Belgium's government said on 23 December that it expected to close down all its nuclear power plants by 2025 but would continue to invest in future technologies, in particular small modular reactors (SMRs). This followed weeks of debate within the governing seven-party 'Vivaldi' coalition of liberals, socialists and Greens from both Flemish and French-speaking parts of Belgium as well as the Flemish Christian Democrats.
Belgium currently has seven nuclear power reactors three at Tihange near Liege and four at Doel near Antwerp. All seven units are pressurised water reactors. Apart from Doel 1&2, which are 430 MWe plants, the others are all approximately 1000 MWe.
While the Greens insisted that the government should implement a 2003 law on Belgium's exit from nuclear power, French-speaking liberals sought to keep the two newest reactors in operation (Doel 4 and Tihange 3). Belgian broadcaster RTBF said ministers had agreed to invest in "renewable and carbon-neutral energies" which would include next-generation nuclear power and would involve funding for small modular reactors (SMRs).
Liberal Prime Minister Alexander De Croo, together with Energy Minister Tinne Van der Straeten (Greens), developed the agreement following intense discussions. De Croo said the agreement was concluded "with an open look to innovation" and the desire to develop expertise and know-how. “We have already done this for offshore wind and more including hydrogen,” he told a press conference. Van der Sraeten said it was "a look to the future", adding that "the exit from nuclear power is not an end in itself”.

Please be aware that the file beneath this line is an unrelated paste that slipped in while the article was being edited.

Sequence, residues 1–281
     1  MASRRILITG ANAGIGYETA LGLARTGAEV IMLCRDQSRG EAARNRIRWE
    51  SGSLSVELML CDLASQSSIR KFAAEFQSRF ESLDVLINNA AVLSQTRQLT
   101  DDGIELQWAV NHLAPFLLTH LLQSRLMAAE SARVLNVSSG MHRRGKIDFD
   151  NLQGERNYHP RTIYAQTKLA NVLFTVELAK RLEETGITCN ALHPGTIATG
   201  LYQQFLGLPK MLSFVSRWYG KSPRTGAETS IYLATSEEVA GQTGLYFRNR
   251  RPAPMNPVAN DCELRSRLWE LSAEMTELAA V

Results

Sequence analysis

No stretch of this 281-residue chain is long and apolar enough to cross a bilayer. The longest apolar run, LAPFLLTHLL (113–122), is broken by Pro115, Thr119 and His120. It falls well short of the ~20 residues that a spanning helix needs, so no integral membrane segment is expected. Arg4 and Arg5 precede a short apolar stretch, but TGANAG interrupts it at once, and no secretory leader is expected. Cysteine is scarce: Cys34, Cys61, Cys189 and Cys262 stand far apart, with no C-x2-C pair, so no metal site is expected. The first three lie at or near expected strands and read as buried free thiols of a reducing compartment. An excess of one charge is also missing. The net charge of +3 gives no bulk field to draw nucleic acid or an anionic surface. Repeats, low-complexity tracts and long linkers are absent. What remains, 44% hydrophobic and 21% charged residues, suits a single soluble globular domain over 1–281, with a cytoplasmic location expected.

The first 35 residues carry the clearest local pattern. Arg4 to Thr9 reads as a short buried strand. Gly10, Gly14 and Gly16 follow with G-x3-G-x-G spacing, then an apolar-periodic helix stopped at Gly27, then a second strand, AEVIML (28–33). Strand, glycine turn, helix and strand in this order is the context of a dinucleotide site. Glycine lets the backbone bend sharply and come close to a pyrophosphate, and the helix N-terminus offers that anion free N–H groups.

De Croo said the first objective of the agreement would be to ensure security of energy supply. "Our people and our companies are entitled to that," he said, adding that the second objective was "to fully opt for innovation” which “means that we will invest in research into newer technologies”. Funding of €100 million ($113m) over four years has been promised for research on SMRs.
The agreement hopes to see two gas-fired plants built to make up the energy shortfall, although the government will revisit the plan in March over possible permit issues. De Croo said it was possible the newer reactors could be extended, but added this was "very unlikely".
There are two plans – A to phase out nuclear power in 2025 and B as a fall back to consider extending operation of Doel 4 and Tihange 3. Concretely, plan A is being maintained and the Capacity Remuneration Mechanism (CRM) is continuing. The CRM is a mechanism for subsidising, via auctions, various capacities aimed at compensating for the nuclear phase out. However, faced with the failure to obtain a permit for a gas-fired power station in Vilvoorde, the federal government is continuing to analyse the situation.
On 17 January, the Federal Agency for Nuclear Control (FANC) and the Energy Directorate of the Federal Public Service Economy will have to submit a report which listed and analyse the actions necessary for activation of plan B if in March, Elia, the operator of the electricity transmission networks reports announces that the CRM does not offer security of supply.
Photo: Tihange in Belgium (Credit: Hullie - Own work, CC BY-SA 3.0)